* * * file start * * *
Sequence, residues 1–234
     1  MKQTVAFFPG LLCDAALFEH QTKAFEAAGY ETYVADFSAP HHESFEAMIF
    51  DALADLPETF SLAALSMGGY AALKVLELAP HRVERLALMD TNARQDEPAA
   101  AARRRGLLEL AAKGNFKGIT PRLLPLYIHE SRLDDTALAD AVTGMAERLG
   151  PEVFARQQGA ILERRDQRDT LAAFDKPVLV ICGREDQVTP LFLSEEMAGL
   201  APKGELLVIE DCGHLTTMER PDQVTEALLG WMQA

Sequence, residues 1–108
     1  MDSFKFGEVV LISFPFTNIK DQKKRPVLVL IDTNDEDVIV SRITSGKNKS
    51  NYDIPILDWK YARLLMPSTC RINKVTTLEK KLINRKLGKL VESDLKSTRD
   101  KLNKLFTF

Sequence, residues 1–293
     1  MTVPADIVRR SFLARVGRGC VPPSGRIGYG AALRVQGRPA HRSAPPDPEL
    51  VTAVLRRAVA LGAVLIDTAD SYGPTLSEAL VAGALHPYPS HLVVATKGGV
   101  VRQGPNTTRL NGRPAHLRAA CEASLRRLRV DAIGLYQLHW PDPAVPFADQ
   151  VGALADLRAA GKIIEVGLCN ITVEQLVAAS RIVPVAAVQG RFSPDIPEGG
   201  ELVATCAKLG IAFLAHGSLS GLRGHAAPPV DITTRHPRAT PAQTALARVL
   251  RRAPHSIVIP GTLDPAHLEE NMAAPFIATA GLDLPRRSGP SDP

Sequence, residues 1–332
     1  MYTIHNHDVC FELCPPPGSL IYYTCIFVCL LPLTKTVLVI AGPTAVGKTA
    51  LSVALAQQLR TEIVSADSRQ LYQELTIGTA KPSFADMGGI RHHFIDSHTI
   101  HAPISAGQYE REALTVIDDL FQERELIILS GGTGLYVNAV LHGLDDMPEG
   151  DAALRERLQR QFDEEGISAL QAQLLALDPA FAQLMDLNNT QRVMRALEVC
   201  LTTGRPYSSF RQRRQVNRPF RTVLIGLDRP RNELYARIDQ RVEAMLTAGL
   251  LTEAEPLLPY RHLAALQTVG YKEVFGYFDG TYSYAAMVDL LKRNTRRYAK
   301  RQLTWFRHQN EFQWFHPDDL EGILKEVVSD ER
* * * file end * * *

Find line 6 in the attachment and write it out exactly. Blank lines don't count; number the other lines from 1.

   201  APKGELLVIE DCGHLTTMER PDQVTEALLG WMQA